NEW YORK -- Wall Street investment bankers frustrated with cheap spreads may want to heed the century-old advice to go west.

But they should stop in Oklahoma. a recent survey of gross spreads shows the state had the highest average spread in the nation: $15.25 per $1,000 par value of bonds on 47 deals in the 12-month period ended May 29, according to Securities Data Co./Bond Buyer.

That was nearly 50% higher than the national average of $ 10.66 during the same period and nearly 2 1/2 times that of bottom-ranked Nevada, which reported 26 deals with an average gross spread of $6.34.

The weighted gross spread averages are based on a survey of 5,334 long-term deals sold between June 1, 1991, and May 29, 1992, and gross spread data reported to Securities Data.

The 5,334 issues represent about 48.5% of the 11,005 issues sold during that time, and their dollar total of $145.01 billion represents 73.1% of the $198.34 billion long-term volume. The percentage of each state's issues represented in the average gross spread varies greatly.

Though spreads -- both for underwriters and other costs of issuance -- have dropped from their zenith of $ 23.25 in 1982, the survey provides fresh proof that there are still places in the municipal market where healthy fees can be found.

"Competition is one of the factors here," said J.B. Kurish, director of the research division of the Government Finance Officers Association. "In certain states there may be more competitive interest in going after an issue."

An inspection of Oklahoma and other states confirms that competitive factors have as much influence on the cost of issuance as the size, complexity, and familiarity of the issuers.

"We don't sell much debt out here," said a Wyoming state official after being told the state had an average spread of $13.14 on 16 deals, all sold negotiated. "I think our costs may be higher because of that."'

Certainly, some firms were surprised that the total numbers -- and their averages -- were so high or low in many cases. Usually, an underwriter only focuses on the share of the spread they are paid, not the total costs, which include printing, ratings, bond counsel, and other fees.

Quick to Defend Fees

Many state officials were quick to defend their cost of issuance, saying they work hard to ensure low interest rates and cheap up-front costs.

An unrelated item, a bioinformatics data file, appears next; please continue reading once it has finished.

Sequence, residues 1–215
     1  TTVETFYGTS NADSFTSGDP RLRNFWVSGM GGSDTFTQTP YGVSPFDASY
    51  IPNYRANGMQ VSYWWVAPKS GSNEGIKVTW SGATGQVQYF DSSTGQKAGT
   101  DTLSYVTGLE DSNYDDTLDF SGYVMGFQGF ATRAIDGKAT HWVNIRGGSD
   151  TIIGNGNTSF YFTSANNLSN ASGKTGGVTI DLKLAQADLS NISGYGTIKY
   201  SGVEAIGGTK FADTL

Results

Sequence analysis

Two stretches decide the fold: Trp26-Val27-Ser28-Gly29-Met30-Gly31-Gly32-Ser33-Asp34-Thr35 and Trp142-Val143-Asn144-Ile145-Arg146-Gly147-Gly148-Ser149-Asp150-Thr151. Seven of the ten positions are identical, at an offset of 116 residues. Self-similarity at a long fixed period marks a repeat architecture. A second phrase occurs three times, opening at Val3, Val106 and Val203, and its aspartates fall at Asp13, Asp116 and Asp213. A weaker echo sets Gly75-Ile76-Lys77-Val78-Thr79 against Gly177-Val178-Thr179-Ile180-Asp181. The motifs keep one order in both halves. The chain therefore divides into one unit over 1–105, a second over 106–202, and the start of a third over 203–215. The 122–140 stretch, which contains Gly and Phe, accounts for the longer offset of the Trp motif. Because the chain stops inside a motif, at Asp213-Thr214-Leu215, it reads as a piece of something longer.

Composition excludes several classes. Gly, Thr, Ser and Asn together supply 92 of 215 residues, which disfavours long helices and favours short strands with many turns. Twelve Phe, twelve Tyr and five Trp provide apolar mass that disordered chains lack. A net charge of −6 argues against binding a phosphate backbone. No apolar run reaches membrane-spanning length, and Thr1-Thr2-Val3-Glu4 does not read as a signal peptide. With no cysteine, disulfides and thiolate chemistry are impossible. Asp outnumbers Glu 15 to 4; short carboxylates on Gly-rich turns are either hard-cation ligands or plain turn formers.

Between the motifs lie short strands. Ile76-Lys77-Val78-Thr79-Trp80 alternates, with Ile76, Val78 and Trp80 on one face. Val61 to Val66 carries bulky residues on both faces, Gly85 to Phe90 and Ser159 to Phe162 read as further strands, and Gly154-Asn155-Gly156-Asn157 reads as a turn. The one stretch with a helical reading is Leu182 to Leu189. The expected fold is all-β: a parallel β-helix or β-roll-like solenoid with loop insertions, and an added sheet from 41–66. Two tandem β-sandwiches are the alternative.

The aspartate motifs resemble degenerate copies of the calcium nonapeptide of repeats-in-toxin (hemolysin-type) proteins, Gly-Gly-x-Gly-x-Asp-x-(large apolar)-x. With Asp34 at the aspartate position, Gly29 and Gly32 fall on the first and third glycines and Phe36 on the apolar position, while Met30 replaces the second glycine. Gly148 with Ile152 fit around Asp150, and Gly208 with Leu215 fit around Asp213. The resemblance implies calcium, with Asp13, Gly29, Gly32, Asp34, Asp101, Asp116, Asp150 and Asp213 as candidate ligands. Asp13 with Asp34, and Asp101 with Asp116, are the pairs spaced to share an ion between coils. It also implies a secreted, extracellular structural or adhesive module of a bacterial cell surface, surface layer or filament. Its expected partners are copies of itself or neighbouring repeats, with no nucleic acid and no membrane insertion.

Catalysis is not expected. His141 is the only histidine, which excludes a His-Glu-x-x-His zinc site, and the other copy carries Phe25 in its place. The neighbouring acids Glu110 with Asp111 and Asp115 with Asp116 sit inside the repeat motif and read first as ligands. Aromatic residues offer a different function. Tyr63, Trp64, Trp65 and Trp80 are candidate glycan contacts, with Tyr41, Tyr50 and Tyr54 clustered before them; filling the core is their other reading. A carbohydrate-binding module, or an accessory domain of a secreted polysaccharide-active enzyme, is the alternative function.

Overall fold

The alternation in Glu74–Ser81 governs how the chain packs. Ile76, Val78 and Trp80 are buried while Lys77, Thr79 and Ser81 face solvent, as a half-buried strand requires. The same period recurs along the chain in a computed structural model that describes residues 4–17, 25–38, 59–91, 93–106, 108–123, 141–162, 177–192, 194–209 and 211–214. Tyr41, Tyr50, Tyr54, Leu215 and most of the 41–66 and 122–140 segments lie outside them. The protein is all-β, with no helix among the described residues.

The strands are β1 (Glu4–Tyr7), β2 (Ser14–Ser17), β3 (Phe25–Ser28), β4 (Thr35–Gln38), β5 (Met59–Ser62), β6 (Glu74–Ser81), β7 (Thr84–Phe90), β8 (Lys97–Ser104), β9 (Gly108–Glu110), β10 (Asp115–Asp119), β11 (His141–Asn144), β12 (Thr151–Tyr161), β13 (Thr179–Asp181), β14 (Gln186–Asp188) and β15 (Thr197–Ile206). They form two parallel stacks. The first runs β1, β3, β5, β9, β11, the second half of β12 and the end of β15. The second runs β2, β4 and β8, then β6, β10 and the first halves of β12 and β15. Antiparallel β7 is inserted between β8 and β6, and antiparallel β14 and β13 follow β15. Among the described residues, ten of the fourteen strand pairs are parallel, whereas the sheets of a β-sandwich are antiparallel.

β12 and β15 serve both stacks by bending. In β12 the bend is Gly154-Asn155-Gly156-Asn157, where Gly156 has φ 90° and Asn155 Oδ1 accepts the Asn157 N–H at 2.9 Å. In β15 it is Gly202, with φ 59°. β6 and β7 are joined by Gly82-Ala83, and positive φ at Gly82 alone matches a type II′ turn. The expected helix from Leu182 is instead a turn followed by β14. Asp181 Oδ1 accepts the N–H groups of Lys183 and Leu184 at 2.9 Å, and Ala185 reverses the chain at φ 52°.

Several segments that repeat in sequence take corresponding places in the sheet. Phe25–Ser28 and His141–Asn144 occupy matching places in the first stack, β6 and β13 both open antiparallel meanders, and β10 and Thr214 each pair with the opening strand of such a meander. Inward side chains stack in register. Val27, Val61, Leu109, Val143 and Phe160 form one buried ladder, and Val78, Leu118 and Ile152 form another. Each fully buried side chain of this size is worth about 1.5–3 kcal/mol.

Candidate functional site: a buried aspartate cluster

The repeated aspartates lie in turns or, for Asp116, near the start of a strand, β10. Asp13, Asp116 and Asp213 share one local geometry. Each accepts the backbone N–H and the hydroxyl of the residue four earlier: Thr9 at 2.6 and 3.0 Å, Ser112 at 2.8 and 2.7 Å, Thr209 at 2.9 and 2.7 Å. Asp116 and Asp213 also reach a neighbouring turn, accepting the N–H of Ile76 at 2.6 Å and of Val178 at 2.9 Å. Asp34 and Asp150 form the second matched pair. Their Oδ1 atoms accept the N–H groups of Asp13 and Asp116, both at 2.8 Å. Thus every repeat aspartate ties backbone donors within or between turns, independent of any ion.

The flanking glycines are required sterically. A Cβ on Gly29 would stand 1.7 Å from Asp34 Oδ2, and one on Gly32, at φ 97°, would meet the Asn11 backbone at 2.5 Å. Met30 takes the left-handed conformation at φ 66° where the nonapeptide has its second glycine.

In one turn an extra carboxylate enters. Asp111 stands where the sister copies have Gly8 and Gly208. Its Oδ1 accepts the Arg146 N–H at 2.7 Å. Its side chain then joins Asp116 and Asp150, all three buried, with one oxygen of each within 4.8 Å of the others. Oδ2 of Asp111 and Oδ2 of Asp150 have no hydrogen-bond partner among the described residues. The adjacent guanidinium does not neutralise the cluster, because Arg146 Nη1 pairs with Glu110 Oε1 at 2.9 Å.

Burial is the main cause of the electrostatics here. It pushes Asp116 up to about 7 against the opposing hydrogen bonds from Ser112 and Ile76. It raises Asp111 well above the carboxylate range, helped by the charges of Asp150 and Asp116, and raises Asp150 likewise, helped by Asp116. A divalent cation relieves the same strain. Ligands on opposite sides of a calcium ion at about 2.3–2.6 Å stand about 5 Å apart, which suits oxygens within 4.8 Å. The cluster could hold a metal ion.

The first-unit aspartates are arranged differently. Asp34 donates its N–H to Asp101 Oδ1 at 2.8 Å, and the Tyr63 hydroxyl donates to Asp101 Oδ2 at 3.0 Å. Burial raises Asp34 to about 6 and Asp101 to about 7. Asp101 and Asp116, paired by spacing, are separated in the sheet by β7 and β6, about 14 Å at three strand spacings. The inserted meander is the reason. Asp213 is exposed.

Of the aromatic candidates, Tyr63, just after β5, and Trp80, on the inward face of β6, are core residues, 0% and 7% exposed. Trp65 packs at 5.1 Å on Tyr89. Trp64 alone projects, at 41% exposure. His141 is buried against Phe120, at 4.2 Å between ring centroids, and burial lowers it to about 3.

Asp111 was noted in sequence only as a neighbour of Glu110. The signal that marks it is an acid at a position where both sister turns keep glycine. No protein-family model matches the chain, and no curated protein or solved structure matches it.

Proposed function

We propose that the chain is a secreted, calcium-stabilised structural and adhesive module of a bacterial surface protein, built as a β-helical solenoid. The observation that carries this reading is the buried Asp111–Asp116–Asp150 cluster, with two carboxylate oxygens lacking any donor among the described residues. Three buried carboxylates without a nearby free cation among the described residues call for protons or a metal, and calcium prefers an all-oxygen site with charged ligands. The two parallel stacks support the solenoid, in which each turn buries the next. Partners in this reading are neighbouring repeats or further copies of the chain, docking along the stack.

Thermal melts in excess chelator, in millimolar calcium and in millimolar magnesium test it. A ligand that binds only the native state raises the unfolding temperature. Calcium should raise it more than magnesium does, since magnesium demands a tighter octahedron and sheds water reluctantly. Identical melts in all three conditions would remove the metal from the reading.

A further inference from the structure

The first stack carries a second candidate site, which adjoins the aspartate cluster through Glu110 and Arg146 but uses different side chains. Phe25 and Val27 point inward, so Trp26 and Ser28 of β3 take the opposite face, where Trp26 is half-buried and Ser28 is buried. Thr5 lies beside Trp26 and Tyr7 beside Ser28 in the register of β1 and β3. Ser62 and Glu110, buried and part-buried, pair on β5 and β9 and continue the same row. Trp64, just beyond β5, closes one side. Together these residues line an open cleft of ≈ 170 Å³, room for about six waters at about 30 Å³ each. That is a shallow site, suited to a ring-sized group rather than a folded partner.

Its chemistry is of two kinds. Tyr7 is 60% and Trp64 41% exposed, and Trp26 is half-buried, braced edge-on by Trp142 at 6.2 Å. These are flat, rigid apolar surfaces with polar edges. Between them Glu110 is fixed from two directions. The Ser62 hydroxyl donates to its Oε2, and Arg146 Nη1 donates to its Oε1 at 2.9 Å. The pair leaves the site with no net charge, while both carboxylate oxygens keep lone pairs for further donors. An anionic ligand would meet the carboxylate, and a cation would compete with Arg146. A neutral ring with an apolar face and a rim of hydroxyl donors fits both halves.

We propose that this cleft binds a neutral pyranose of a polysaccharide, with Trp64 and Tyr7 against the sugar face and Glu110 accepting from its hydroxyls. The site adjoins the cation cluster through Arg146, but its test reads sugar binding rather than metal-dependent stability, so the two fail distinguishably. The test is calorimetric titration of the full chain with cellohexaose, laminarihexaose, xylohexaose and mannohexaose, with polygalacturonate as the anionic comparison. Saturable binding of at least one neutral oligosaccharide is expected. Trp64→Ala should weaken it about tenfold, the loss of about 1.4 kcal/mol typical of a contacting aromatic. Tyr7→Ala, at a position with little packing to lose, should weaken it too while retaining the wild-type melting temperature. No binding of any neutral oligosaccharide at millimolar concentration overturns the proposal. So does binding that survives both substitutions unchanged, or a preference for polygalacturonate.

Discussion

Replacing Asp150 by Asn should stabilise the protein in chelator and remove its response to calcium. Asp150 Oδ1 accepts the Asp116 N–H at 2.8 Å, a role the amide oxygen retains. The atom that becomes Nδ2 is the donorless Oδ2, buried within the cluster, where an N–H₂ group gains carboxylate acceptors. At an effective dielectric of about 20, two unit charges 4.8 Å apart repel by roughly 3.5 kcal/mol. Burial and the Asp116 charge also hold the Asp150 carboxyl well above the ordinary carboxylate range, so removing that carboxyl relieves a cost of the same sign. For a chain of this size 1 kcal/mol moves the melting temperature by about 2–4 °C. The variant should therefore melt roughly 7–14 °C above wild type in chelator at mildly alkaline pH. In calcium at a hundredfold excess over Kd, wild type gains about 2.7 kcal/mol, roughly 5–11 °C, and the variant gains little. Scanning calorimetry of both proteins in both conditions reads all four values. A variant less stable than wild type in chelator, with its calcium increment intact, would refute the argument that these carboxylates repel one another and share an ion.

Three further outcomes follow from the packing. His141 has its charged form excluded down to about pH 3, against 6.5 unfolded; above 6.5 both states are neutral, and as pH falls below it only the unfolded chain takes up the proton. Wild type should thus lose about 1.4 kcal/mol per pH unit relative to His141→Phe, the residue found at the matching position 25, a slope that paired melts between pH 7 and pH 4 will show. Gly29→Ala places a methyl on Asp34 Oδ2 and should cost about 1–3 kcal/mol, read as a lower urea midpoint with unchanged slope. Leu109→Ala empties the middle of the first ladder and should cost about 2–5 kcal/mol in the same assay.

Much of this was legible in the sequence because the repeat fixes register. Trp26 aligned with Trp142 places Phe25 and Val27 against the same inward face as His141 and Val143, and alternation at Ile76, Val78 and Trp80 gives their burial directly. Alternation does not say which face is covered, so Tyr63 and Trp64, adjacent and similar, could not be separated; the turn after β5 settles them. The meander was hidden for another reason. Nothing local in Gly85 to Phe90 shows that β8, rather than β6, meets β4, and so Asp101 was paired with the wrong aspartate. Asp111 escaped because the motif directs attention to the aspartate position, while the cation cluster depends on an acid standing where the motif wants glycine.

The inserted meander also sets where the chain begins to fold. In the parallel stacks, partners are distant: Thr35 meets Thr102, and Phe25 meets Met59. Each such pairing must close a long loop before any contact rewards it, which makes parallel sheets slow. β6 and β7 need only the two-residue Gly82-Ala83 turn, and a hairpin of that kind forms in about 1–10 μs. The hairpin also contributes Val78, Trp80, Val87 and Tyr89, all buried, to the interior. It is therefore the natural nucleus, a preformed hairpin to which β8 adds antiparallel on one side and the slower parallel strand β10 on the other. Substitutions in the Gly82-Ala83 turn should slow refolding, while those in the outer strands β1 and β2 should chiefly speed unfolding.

"I can only assume there aren't many state deals in those costs or it would have drawn the costs down," said Jim Joseph, Oklahoma's bond adviser.

As in many states, the largest issuers in Oklahoma have average total spreads of $10, he said. Many issuers, such as the Oklahoma Turnpike Authority, whose pending $606 million refunding was not included in the survey, have a policy of limiting costs to 1% of the issue.

Asked to speculate on why Oklahoma had the highest average, Mr. Joseph responded, "I would guess that some of the local governments aren't setting very good deals ... I'm sure the lack of competition in some ways does hurt."

Several Oklahoma underwriters who were contracted declined to discuss the findings, other than to defend the state as highly competitive.

Rick Smith, president of Municipal Finance Services Inc. in Edmond, Okla., a financial adviser to many small issuers, said his clients are sensitive to the cost of issuing bonds.

"I would say they probably pay more attention to it than some large issuers," he said. "There's no rhyme or reason to these spreads."

However, a review of the 47 Oklahoma issues in the survey is telling, even though the group represents less than one-third of the 152 issues sold in the state.

Not surprisingly, the deals with the lowest gross spreads were among Oklahoma's best credits. However, three series of bonds totaling $101.9 million last June for the Oklahoma County Home Finance Authority had a total gross spread of $26.02, one of the single largest factors in making the state's weighted average number one in the nation.

Robert B. Lewis, chairman of Oklahoma City-based Leo Oppenheim & Co., said there were several reasons for the disparity in spreads nationwide.

"Smaller cities and deals, especially in Oklahoma, have a very difficult time structuring an attractive debt package," said Mr. Lewis, whose firm underwrote the home finance authority deal. "One some issues, a financial adviser, a bond counsel, and an aggressive underwriter are all needed for the bonds to perform well.